fn(z) = ziz2 ... zn (1)nbi
f(z) is the symmetric function of p(z). We seek a solution of
f(z) = 0 because the set of all roots is the solution to this
equation. The symmetric function provides an avenue to share
information between the estimates at an iteration in a
simultaneous root solver. Newton's method in ndimensions will be
applied to the symmetric function in the following simultaneous
root solver.
DurandKerner Simultaneous Root Solver
The first simultaneous root solver is presented under
different titles in different publications. Aberth[4] attributes
17
the method to Durand and Kerner, and Pasquini and Trigiante[6]
give many references for the method and refer to the method as the
Wmethod. Pasquini and Trigiante also document that "the wmethod
is equivalent Newtons method in Ndimensional space" by
considering Newton's method applied to the symmetric function of
the polynomial. Aberth's derivation gives insight into the method
and will be given first, followed by a demonstration for n = 2 and
n = 3 that Newton's ndimensional method applied to the symmetric
function is the Wmethod.
Suppose that zj_, i=l,...,n are estimates of the n roots
of p, r, i=l,...,n, at a given iteration step. Let 8z^ be a
correction to z such that ri = zi+8zi for i=l,...,n. Then
[z(zn+8zn)][z(zn_i+8zn_i)] ... [z(Z2+8Z2)][z(zi+8zi)] =p(z).
Expanding in powers of 8zi gives
P(Z) = JI ZZj Â£ (Szi ZZj+0 (6z?) .
j=l i=l l jl,j*i /
Now, as with Newton's onedimensional method, the DurandKerner
simultaneous root solver is obtained by dropping terms with powers
of 8zi larger than one and setting z = zi in the above equation.
The resulting equation can be solved for 8z^ which results in
P(zi)
n (zi zj)
8zi = 
18
8zi is computed and added to z for i=l,...,n and the procedure is
iterated until all of the roots of the equation are found to a
chosen accuracy. Note for 8zÂ£ to be defined, the estimates for
the n roots of p must be distinct. Furthermore, if 8zi = 0, then
p(zj_) = 0 and z is a root of p.
Similar to the pseudosimultaneous root solver, this
technique is complemented by parallel processing. Each 8zi could
be found by a separate processor on a parallel system.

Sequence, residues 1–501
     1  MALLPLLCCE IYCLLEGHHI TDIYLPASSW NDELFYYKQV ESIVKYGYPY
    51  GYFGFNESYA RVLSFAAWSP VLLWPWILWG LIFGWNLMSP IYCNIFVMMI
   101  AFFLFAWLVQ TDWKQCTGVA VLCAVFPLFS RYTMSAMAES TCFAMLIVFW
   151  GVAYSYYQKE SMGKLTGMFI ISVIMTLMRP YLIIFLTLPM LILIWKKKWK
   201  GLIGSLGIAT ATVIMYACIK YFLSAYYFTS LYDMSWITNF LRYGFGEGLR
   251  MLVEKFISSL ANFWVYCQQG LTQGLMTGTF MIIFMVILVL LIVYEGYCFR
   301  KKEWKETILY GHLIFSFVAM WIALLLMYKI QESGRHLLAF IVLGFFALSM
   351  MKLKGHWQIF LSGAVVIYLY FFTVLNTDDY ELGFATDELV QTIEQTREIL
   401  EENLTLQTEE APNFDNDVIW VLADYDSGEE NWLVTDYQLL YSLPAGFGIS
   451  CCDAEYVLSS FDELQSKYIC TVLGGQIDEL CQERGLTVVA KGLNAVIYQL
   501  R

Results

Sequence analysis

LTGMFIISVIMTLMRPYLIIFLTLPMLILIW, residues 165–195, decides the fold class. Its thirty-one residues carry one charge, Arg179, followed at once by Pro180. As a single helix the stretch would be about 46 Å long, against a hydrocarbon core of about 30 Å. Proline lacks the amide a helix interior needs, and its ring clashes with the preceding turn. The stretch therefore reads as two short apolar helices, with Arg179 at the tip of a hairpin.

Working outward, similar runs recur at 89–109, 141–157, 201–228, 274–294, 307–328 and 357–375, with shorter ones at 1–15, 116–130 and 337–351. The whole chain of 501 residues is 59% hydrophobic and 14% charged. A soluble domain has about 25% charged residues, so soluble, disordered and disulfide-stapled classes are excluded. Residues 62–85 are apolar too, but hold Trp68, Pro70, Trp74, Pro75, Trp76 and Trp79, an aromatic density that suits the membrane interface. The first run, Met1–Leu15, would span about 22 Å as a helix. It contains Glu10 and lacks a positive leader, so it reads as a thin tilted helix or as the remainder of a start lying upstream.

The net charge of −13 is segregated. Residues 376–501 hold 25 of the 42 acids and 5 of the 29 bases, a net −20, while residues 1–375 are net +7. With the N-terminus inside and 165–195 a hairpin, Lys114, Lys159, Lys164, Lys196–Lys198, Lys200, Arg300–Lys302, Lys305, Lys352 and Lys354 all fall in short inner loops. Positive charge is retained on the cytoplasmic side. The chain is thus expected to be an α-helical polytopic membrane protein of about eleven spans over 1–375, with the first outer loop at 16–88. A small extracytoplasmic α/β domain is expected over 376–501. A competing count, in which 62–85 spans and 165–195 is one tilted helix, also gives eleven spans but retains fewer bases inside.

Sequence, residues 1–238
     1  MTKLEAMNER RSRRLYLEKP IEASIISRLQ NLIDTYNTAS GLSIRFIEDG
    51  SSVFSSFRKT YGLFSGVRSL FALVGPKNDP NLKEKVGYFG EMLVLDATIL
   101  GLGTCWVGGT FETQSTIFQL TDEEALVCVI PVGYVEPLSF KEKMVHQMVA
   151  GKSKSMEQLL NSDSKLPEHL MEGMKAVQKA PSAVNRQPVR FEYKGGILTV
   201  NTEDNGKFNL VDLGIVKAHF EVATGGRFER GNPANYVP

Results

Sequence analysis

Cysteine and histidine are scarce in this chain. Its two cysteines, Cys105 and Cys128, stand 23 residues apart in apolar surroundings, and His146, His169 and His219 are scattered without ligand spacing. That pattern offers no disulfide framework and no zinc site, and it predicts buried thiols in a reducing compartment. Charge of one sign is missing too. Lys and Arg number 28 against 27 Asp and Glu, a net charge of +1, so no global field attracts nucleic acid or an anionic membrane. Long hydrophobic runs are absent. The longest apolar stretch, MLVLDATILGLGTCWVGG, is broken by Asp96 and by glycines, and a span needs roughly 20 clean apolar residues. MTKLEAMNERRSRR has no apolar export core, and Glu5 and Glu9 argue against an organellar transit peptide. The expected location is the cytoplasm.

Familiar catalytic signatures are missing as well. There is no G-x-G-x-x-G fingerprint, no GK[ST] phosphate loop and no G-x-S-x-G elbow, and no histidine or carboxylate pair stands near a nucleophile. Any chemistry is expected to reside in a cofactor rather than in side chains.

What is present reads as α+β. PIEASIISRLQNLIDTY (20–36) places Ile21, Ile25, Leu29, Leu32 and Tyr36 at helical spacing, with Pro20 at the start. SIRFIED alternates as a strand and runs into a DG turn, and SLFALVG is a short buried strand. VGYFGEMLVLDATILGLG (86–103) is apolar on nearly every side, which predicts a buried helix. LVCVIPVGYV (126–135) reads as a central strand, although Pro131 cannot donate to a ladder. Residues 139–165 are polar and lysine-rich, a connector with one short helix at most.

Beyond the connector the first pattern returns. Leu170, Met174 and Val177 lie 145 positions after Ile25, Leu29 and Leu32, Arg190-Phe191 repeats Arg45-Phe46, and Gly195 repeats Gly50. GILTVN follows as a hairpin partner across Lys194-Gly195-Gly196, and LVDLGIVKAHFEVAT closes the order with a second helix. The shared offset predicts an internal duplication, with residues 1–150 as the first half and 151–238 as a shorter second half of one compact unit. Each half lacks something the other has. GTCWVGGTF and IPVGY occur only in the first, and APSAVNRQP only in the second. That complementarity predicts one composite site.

To complete this subsection, Newton's method in n
dimensions is applied to the symmetric function, f(z), of a
polynomial. Newton's method applied to f(z) = 0 is
zk+l = zk j1 (z^) f(zk)
where J1 is the inverse of the Jacobian matrix of f (z) This
equation is equivalent to the Wmethod (DurandKerner method)[6].
This method is now applied for n=2 and n=3 to establish the
pattern.
n=2
p(z) = z^ + b2z + bi
f (z)
The Jacobian of f is
Zl + Z2 + b2
Z1Z2 bi
Inverting J gives
J1 = f^I 21
\ Z1Z2{ _Z2 !
and postmultiplying by f evaluated at z^ gives
jif( zk) ( 1 \f (zi)2 + b2zik + bi \ / \( p(zi)
l _(zÂ£)2 b2Z2* bl / \ ziZ2'j p(z)
Then
8zi = ^ P(zi)m for i=if2.
n zi)
p(z) = z3 + b3z2 + b2z + bi
/ Z! + Z2 + Z3 + b
f (z) = ( Z1Z2 +Z1Z3 +Z2Z3 
I Z1Z2Z3 + bi
of f is
1 1 1
J = Z2+Z3 Z1+Z3 Z1 + Z2
. Z2Z3 Z2Z3 Z2Z3
Inverting J requires the following expressions:
det (J) = Z1Z2 + Z1Z3 + Z2Z3 Z1Z3 zfzi Z3Z2
= (zi z2Xzi ~ 23X22 Z3)
[Adj (J)] T
Z?(Z2Z3) Zl(z3~Z2) Z2Z3
Z2(z3Zl) Z2{Z1Z3) Z3Z1
z(ziZ2) Z3(z2~Zl) Z1Z2
20
zi_____________zZl____________I______
(Z1Z2XZ1Z3) (ZIZ2XZIZ3) (Z1Z2XZIZ3)
~Z2____________Z2____________=1______
(Z1Z2XZ2~Z3) (Z1Z2XZ2Z3) (Z1Z2XZ2Z3)
Z3_____________^Z3____________1______
_ (Z1Z3XZ2Z3) (ZIZ3XZ2Z3) (ZIZ3XZ2Z3) _
Postmultiplying by f evaluated at
' zf3 + b3Zi2 + b2zf + bi ' p(zi)
(zf z&zf zf) Z*?3 b3Z22 b2Z2 b2 1 , (zf zfXzf zf) pUf)
(zf Z$Z2k Z3) Z33 + b3ZÂ§2 + b2Z3 + bl (zf zfe zf) p(zf)
(zf ZÂ§Xz2 Z3) l (zf zfXzf zf) )
and
Szi = Pizi)_ for i=lf2f3.
II (zi ZJ)
J=i,j*i
We see that Newton's method in ndimensions applied to the
symmetric function is the Wmethod for n = 2 and n = 3.
Pasquini and Trigiante[6] expand this concept by
presenting a alternate definition of f and applying Newton's
method to f (x) = 0 to obtain another simultaneous root solver.
Interested readers may obtain information in the noted reference.
Aberth Simultaneous Root Solver